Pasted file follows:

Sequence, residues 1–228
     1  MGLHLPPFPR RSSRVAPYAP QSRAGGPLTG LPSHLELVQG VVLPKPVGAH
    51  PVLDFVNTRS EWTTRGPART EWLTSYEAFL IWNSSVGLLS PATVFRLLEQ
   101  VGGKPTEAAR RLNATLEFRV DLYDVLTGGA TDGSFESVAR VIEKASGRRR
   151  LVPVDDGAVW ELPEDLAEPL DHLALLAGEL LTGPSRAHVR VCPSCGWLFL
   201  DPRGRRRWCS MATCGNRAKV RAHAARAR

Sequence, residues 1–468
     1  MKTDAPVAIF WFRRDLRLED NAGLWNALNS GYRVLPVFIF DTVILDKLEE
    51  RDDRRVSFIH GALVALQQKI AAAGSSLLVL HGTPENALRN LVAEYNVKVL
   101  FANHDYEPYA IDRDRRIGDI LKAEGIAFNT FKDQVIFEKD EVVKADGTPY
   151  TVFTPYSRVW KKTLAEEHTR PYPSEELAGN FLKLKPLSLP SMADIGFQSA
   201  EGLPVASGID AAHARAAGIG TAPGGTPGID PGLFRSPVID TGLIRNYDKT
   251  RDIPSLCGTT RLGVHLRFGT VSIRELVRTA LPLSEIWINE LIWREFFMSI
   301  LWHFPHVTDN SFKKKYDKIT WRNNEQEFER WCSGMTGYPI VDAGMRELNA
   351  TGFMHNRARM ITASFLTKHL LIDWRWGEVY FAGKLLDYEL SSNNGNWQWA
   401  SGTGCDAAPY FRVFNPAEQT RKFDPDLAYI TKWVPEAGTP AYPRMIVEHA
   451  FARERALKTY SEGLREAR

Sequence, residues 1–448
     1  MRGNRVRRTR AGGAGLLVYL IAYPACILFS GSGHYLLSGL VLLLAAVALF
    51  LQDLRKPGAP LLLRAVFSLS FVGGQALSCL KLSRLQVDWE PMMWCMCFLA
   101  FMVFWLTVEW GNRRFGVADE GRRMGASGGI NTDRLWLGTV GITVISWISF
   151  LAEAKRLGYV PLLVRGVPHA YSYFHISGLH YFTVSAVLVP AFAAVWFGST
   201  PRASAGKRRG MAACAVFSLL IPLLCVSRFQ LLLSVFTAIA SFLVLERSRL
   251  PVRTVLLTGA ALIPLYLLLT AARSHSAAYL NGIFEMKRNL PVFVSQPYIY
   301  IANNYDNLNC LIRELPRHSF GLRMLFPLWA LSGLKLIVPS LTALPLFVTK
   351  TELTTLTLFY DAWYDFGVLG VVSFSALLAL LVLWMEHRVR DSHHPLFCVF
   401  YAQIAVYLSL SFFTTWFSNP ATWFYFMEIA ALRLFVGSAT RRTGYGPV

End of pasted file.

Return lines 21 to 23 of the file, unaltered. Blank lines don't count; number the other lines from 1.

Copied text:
   101  FMVFWLTVEW GNRRFGVADE GRRMGASGGI NTDRLWLGTV GITVISWISF
   151  LAEAKRLGYV PLLVRGVPHA YSYFHISGLH YFTVSAVLVP AFAAVWFGST
   201  PRASAGKRRG MAACAVFSLL IPLLCVSRFQ LLLSVFTAIA SFLVLERSRL